Kleon’s book starts out by asking, “Were do artists get their ideas?” The answer is, “They steal them.”  He then goes on to talk about some of the great ways we can be creative.  Things like have side projects, hobbies, be boring (let your mind rest), share your work, steal ideas properly, and write what you like.

Being consistently creative is really about putting yourself into the path of inspiration by looking at all the creative things around you, stealing the best parts and figuring out how to put those together in new ways.

And just so you  know, I stole most of this post from the three books I mentioned.

Writing Change

I’ve always wanted to write.  In my teens I had a love for speculative and science fiction.  In particular, I loved dystopia and post apocalyptic stories.  Books like, Earth Abides, Alas Babylon, 1984, Brave New World, and On The Beach, were subjects that interested me.  In the movies, Planet of the Apes, Phase IV, THX1138, Silent Running and other similar stories drew me in.  I wanted to write those kinds of stories.

At sixteen I even started to write a post nuclear war novel that I titled, The Day After.  Sadly in 1983, after years of little progress that title was stolen from me by a made for TV movie of the same subject.  Figuring I’d never sell the title, I gave up writing it.  Likely for the best as I’d gotten stuck writing endless descriptions of the tools the people used with very little story or character development.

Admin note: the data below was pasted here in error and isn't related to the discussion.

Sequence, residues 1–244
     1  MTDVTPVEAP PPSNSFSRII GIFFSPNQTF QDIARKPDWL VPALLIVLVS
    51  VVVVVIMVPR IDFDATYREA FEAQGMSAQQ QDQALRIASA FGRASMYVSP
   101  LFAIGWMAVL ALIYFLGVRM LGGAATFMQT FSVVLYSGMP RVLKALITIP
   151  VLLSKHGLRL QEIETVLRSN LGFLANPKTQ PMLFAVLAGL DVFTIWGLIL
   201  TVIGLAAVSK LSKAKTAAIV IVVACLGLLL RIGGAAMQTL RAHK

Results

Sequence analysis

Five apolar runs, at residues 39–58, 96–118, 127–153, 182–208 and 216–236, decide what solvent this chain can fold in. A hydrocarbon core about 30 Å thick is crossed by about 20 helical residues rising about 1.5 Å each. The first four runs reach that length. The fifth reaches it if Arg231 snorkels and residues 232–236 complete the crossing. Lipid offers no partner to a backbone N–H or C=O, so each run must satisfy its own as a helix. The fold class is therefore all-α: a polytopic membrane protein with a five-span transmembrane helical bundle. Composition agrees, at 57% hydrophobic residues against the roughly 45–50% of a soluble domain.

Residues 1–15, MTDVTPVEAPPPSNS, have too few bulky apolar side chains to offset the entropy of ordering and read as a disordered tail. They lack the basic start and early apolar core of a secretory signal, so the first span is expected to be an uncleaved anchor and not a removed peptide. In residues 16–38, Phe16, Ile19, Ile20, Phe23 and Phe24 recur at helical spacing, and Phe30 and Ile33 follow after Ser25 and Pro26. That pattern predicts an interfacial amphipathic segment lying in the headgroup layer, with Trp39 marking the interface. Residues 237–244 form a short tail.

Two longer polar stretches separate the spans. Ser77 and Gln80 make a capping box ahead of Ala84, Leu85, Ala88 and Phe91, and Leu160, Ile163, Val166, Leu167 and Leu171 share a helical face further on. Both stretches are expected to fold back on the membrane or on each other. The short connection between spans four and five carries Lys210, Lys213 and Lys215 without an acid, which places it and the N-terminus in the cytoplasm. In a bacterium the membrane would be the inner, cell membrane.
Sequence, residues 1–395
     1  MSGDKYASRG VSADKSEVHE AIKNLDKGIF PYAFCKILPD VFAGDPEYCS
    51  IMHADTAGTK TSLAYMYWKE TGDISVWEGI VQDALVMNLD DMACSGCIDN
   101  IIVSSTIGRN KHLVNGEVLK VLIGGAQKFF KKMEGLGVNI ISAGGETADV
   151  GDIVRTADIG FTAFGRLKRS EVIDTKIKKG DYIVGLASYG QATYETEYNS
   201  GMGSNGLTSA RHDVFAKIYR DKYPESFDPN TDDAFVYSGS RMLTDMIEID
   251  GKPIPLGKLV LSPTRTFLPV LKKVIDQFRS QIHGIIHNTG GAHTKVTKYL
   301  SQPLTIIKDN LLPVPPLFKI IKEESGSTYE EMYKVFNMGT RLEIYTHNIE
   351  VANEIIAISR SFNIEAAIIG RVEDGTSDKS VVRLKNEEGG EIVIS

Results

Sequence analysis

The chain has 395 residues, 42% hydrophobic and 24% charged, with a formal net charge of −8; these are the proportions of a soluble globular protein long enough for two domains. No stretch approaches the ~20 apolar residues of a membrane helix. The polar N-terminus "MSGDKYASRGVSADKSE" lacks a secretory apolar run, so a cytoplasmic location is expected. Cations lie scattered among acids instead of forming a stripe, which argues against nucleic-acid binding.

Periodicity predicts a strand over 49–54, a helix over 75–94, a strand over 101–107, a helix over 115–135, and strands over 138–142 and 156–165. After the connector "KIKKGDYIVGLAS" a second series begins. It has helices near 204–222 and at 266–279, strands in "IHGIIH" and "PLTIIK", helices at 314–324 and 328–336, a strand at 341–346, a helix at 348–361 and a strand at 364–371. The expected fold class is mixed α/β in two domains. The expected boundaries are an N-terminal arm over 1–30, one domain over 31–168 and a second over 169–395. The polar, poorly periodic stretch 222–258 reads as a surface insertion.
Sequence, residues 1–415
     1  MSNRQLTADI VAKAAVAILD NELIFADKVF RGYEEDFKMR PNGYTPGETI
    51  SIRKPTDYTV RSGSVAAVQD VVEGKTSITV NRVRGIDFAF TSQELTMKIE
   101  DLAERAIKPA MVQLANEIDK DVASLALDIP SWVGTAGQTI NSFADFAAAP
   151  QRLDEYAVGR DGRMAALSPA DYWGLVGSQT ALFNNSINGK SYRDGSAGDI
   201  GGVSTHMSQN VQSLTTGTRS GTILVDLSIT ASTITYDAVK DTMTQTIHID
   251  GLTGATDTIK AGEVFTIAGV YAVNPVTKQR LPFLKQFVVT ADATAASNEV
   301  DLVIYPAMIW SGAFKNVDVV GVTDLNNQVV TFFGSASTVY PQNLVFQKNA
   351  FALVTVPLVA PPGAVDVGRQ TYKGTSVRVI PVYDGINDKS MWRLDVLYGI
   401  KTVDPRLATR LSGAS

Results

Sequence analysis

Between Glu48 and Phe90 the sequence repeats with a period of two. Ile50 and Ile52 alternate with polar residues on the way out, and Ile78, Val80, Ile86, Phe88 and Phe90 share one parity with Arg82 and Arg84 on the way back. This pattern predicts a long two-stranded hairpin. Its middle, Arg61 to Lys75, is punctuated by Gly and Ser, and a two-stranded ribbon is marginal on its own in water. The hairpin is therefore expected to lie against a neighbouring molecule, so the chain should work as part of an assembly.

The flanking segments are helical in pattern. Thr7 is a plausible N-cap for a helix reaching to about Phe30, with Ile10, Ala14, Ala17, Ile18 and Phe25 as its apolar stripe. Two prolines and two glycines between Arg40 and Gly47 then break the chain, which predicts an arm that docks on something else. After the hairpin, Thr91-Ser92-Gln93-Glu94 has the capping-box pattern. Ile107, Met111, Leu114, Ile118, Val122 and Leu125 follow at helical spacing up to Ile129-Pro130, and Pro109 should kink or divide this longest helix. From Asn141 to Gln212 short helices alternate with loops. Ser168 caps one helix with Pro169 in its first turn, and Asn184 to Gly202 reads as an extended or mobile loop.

After that my writing went in two different directions.  One was professional, on my job I did a fair amount of technical writing (procedures, manuals, theory of operation guides) and the other was short stories.  My fiction writing was undisciplined and I tended to writing bursts, sometimes with years between producing anything.  Some of it was okay, but most lacked the polish a good story needed.

My tastes in books started to change as I entered my mid-thirties.  I read less fiction and more religious books on theology, preaching, the Bible and so on.  Most of my writing during this time of my life was actually sermons I wrote for church or various workshops I attended.  Again, my writing was in binges, based in inspiration that rarely came.  It was frustrating writing, with only occasional flashes of quality.

It was about this time that I started back to community college with an eye toward completing my BA.  I was already employed as a software engineer and after having to retake calculus twice, I decided that I’d pursue my dream of being a writer.  I left the engineering and math classes and entered the world of English and literature.

It wasn’t easy.  In addition to a lack of discipline, I also suffered from three problems when it came to writing:

  1. I couldn’t spell – seriously, I almost failed the 6th grade because I couldn’t remember how to spell words.  Once I asked a teacher how to spell, ‘of.’  If it wasn’t for spell checkers, on-line dictionaries and my wife, I couldn’t spell anything (really, took me three times to spell that word ‘anything’).